“I could fill pages remembering one thing after another that made the summer at St. Ives the best beginning to a life conceivable.”
FOR VIRGINIA WOOLF
The house on the shore of St. Ives
shut itself up when a susurrus of sea mist
relayed the news of her death
whispered from the mouth of the river Ouse.
Now stones have piled up along
the edges of the garden.
The strawberry bed has long rotted,
and all the children have grown and perished.
Nothing is left but the footprints of stolen furniture
and the beams from the Godrevy Lighthouse
peeking through the brass-lined windows
for glimpses of their ghosts.
The waves sent to knock cracks into the front door
reminded the house that it was once filled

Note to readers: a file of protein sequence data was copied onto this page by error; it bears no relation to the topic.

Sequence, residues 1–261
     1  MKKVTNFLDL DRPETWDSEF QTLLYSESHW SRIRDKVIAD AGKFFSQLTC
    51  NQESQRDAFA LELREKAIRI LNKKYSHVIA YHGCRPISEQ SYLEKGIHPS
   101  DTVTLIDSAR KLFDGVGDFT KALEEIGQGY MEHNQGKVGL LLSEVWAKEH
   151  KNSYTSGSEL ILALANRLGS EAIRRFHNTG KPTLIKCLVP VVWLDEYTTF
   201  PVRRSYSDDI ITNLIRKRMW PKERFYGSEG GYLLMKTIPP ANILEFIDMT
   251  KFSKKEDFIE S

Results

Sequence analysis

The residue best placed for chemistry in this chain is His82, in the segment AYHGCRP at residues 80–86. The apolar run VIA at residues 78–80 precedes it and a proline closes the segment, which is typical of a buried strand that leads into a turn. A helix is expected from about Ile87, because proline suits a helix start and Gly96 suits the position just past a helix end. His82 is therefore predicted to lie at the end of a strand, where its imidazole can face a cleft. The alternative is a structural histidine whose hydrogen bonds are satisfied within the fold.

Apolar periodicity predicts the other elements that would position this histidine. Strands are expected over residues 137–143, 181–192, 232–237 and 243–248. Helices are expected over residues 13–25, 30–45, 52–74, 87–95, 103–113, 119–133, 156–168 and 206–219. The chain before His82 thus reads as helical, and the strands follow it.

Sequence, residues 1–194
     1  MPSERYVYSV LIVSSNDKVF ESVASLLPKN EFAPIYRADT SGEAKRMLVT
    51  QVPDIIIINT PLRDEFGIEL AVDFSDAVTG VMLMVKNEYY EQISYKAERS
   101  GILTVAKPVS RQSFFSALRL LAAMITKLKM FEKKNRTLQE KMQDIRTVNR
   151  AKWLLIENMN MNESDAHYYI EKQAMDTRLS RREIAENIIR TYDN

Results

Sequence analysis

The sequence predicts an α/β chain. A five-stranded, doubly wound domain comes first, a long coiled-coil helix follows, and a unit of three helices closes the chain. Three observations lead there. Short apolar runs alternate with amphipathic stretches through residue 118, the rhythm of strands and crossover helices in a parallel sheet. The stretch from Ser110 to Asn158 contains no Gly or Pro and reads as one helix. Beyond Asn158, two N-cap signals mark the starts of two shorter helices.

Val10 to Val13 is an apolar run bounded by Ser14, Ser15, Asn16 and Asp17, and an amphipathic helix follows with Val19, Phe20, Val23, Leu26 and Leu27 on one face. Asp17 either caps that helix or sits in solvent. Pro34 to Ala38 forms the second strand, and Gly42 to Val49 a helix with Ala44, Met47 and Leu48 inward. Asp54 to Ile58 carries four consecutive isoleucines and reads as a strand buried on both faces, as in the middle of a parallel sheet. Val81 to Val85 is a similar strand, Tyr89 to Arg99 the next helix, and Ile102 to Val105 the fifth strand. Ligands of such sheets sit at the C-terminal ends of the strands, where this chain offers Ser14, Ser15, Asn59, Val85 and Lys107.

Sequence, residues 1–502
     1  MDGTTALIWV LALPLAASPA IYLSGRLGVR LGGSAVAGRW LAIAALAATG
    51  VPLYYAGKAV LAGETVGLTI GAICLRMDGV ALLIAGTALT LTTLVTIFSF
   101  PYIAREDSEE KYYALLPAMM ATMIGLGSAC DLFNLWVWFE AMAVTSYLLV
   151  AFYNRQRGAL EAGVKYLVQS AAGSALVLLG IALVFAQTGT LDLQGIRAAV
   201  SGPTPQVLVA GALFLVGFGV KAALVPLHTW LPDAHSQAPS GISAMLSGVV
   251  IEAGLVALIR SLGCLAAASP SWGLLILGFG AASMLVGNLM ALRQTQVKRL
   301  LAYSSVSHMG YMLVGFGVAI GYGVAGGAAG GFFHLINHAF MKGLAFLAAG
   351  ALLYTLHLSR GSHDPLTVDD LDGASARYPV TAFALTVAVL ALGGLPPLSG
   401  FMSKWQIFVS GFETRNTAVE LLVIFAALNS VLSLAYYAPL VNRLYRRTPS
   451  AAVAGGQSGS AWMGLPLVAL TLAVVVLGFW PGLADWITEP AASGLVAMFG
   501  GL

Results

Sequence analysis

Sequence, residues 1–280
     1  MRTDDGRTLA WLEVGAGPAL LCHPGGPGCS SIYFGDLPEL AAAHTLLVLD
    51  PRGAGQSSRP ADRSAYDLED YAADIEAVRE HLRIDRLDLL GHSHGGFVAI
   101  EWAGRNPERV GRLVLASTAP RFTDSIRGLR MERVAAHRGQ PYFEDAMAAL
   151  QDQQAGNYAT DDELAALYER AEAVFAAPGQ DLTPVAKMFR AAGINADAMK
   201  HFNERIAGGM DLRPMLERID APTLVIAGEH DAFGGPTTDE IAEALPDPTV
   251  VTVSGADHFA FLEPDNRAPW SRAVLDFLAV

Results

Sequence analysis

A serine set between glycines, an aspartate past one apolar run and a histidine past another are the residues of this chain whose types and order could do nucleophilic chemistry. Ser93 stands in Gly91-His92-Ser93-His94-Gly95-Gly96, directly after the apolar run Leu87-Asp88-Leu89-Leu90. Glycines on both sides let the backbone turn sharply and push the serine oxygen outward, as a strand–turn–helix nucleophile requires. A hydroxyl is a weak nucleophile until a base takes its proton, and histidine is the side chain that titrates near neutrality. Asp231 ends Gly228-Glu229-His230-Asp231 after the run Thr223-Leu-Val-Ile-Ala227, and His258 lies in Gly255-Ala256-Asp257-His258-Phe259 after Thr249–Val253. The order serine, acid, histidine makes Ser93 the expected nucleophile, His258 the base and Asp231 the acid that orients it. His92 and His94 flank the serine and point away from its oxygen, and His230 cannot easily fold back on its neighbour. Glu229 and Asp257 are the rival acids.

with tiny laugher from the cricket ground,
the sighing of books laid on a cleared kitchen table,
Kitty’s blush when Leo asked for her hand
under the canopy of purple clematis,
and the arrow-like stillness of breezes
rushing through every door left open.
But the maids came
to close the doors and bolt the windows
so the crabs would build their skeletons
under the shadow of the porch steps
and not within the empty bookcases in the living room.
And so long as Godrevy is searching for ghosts,
the house is reminded
that life cannot stand still there.